Photo by John Mcinnes of Save Ellis Island

It’s the 17th anniversary of 9/11 this year and there are many ways to commemorate and mark the day all over the New York City area. Though Lower Manhattan has been mostly rebuilt, the signs and markers of 9/11 still abound in the built environment, and the tragic events of that clear, sunny morning in 2001 have been seared into the memories of New Yorkers and those visiting that day. Here are 10 unique ways you can pay your respects:

1. Visit the Newly Re-Opened Cortlandt Street Subway Station

On September 8th at noon, the Cortlandt Street subway station at World Trade Center servicing the 1 line re-opened to riders for the first time since it was severely damaged during 9/11 under the weight of the debris from the Twin Towers collapse. The station, which is officially renamed WTC Cortlandt, features wall-to-wall marble mosaic artwork by artist Ann Hamilton, showing text from the 1776 Declaration of Independence and 1948 United Nations Declaration of Human Rights.

At the press opening, MTA Chairman Joe Lhota spoke of the resurgence downtown since 9/11 as “emblematic of the tremendous resiliency” of Lower Manhattan. Andy Byford, President of MTA New York City Transit, followed up saying that even though he is not from New York, “I recognize the poignancy of this location.”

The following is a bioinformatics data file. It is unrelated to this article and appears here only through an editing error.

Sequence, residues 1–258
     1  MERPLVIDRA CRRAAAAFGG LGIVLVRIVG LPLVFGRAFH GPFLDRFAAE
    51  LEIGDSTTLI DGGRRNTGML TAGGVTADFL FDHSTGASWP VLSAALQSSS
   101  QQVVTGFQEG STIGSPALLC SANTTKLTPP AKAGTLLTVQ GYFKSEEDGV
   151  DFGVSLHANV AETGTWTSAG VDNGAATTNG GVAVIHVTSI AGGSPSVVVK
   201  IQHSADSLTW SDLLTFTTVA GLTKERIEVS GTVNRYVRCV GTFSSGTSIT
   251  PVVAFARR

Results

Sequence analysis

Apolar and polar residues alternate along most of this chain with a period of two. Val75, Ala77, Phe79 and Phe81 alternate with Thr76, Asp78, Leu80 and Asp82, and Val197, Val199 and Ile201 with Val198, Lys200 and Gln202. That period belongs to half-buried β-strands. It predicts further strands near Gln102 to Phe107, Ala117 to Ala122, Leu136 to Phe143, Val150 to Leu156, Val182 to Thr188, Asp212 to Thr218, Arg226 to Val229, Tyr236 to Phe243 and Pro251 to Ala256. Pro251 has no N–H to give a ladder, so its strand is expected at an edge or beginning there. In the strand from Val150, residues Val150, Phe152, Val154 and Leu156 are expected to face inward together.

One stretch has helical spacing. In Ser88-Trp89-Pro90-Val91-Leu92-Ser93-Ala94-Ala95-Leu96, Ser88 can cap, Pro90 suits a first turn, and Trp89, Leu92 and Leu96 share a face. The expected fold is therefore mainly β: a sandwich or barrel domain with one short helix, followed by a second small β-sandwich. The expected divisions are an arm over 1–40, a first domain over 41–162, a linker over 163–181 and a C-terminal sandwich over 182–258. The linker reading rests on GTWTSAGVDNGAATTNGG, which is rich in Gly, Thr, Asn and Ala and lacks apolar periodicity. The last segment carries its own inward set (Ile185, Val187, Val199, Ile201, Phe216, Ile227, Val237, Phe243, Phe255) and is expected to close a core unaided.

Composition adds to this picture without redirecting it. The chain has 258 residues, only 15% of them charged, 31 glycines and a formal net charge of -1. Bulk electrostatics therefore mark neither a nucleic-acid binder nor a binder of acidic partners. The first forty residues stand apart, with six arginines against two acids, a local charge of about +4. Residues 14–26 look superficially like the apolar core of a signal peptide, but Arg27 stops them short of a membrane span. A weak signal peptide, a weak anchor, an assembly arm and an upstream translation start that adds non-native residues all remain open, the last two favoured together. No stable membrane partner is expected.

2. See Largest Free-Flying American Flag

The Port Authority will be flying the world’s largest free-flying flag again at the George Washington Bridge. The flag measures 90 feet by 60 feet and is said to weigh 450 pounds. The flag only flies during special occasions – much like how the bridge gets lit up – and will be displayed from 7:15 AM to 1:15 PM on 9/11.

3. Port Authority’s Annual 9/11 Remembrance

84 Port Authority employees in total were killed on 9/11 and in the 1993 World Trade Center bombings. Each year, the Port Authority holds an interfaith remembrance service. This year’s service will be at 2 PM at St. Peter’s Church, located at the intersection of Barclay Street and Church Street.

4. Brooklyn Historical Society Viewing of “2001”

In the Brooklyn Historical Society’s Great Hall, a screening of artist Wolfgang Staehle’s film, 2001, will take place all throughout the day on 9/11. This film actually captured the approach of Flight 11 and the crash into the North Tower, and it is the first time the film will be shown outside the 9/11 Memorial & Museum, who is collaborating on this event.

From the event description: